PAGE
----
Despite the multiplicity of courses offered in both BTI and MTI programs, a significant challenge remains the need to harmonize them across the country. Like most translation programs elsewhere, it is “chacun pour soi.” That means students who graduate from MTI programs offered by top language universities like Beijing Foreign Studies University, Shanghai International Studies University, or Guangdong University of Foreign Studies may have a higher level of competence due to the quality of course offered and the caliber of teachers. Another issue of significant importance is the training received by instructors in these programs. Chinese universities tend to privilege academic qualifications in their hiring process. Therefore, most teachers have no professional experience. Many have not worked as professional translators or interpreters on a full-time basis. Because MTI programs require teachers to conduct more research than teach, most trainers translate or interpret passively, randomly, and only when there is a clear benefit to the act. Given that they are not required to translate or interpret on a regular basis to keep their jobs, teachers do not see the need to liaise with the industry and keep abreast with modern technology. As Xu et al. summarize, “they hardly make any formal contact with the translation market; neither are they familiar with modern technologies used in translation and language service companies”5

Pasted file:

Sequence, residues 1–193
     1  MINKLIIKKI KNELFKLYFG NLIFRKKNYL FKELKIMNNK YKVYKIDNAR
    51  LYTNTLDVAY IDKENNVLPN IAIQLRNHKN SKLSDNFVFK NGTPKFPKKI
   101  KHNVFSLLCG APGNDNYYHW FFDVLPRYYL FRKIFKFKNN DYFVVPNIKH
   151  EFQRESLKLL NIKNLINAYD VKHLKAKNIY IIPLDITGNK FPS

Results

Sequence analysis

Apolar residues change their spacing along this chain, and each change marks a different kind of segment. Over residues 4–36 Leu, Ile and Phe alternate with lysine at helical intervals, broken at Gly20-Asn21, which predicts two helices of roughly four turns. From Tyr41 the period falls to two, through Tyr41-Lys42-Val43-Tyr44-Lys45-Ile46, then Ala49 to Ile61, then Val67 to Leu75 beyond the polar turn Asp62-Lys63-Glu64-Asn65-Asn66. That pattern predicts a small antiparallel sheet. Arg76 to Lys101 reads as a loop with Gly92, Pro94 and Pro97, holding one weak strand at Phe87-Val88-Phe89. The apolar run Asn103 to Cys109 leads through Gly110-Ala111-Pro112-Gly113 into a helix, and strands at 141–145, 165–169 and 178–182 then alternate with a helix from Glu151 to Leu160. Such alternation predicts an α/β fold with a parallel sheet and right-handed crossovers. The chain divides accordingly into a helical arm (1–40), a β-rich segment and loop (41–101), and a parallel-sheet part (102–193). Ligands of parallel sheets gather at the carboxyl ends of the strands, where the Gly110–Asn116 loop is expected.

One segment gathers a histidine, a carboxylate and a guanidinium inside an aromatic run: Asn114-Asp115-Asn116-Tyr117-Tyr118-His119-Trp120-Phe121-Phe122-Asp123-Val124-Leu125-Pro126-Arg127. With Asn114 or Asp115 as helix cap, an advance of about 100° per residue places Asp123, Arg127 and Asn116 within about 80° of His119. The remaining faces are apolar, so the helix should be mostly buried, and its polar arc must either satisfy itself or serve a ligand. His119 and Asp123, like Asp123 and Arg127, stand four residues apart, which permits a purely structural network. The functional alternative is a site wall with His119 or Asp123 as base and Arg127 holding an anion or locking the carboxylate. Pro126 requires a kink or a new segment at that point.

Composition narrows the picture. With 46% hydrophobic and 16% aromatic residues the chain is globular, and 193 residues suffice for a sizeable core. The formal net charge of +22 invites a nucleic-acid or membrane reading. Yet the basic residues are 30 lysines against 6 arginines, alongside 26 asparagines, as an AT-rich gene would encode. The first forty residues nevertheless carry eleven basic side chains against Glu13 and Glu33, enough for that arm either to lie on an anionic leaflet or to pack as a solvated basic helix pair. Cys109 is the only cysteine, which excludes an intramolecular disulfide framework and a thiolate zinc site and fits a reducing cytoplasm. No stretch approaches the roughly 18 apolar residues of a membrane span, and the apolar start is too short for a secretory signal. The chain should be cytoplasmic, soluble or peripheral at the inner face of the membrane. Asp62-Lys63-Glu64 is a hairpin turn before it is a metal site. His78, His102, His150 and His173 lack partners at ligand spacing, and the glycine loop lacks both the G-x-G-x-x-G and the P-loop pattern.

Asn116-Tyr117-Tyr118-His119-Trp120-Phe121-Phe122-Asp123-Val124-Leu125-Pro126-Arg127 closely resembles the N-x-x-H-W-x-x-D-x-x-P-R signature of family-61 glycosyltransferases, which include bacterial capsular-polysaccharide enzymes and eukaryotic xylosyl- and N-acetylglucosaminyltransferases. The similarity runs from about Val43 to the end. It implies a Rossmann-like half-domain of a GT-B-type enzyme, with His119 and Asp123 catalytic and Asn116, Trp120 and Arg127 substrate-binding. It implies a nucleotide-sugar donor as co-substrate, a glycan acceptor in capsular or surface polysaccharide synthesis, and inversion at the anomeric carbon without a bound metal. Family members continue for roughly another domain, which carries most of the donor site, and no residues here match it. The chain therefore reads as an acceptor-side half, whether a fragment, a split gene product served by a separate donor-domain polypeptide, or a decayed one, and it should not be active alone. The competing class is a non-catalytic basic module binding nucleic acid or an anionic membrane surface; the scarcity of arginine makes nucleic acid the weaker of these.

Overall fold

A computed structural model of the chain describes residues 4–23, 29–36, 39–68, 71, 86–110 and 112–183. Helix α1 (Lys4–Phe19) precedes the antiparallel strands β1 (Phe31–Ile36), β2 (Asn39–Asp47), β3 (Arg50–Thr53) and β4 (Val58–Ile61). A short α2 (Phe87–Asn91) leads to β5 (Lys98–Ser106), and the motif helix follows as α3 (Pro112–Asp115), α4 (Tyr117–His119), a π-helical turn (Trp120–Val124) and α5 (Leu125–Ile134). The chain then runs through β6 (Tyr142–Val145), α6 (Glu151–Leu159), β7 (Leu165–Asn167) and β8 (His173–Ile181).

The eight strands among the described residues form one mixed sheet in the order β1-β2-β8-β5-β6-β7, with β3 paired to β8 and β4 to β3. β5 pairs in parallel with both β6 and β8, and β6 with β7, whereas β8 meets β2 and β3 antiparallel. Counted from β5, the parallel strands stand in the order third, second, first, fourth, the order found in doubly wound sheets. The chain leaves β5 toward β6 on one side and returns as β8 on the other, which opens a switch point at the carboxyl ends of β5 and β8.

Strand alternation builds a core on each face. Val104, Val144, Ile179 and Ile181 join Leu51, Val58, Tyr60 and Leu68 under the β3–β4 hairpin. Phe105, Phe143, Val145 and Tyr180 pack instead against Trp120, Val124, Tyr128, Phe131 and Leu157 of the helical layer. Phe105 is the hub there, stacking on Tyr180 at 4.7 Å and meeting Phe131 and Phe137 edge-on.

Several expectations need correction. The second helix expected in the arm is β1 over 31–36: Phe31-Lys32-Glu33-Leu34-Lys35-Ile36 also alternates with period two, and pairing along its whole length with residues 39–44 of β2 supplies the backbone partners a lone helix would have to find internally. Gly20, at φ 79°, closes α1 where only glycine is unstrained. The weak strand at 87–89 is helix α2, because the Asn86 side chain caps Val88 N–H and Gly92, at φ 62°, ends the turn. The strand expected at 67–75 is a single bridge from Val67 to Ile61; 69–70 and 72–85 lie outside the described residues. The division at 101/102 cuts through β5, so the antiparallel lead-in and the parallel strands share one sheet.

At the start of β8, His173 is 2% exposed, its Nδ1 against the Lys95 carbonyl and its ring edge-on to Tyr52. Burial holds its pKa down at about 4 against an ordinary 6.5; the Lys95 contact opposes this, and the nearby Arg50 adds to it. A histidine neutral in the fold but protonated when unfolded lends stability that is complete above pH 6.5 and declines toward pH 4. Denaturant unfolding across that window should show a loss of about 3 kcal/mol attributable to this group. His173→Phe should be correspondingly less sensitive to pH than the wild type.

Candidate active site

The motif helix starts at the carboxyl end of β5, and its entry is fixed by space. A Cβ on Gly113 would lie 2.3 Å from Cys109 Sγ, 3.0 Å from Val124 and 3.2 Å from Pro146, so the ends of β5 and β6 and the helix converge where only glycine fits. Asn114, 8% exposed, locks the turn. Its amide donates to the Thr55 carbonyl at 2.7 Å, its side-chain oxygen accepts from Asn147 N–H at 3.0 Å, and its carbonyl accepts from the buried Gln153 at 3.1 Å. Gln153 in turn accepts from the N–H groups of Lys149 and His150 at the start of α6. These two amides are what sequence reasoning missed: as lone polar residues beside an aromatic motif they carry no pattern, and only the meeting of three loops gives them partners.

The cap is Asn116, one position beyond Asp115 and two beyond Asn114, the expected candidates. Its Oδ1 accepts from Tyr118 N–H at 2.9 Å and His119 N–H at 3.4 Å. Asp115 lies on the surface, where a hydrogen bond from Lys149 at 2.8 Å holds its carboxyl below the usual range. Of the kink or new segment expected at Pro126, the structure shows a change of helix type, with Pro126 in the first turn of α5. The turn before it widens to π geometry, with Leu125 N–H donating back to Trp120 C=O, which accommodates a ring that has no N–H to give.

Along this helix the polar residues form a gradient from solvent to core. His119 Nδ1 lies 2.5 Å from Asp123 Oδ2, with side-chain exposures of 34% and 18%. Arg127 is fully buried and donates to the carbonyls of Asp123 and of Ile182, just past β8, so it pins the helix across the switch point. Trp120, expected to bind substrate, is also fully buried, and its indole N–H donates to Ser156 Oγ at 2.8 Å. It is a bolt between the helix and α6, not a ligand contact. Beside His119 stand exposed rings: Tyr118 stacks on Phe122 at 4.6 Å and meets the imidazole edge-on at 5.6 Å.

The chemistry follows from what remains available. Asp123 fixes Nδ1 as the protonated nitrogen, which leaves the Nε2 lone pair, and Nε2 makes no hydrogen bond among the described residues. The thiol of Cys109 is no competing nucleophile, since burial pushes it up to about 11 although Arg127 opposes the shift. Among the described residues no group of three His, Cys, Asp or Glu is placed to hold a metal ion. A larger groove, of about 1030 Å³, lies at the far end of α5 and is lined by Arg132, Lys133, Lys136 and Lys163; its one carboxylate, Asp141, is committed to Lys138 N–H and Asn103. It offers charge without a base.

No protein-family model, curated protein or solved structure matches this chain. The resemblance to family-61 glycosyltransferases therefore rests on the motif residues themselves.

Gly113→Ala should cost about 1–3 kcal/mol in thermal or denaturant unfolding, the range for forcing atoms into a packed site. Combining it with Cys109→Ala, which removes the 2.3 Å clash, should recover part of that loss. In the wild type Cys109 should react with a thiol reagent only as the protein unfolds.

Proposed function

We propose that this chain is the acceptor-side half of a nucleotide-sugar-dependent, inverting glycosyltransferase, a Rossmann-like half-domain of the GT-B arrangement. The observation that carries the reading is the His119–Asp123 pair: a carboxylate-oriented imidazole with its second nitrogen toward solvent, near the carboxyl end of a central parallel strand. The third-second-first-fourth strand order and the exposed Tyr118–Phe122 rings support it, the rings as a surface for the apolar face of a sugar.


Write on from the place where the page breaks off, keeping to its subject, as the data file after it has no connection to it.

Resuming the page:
What is the way forward?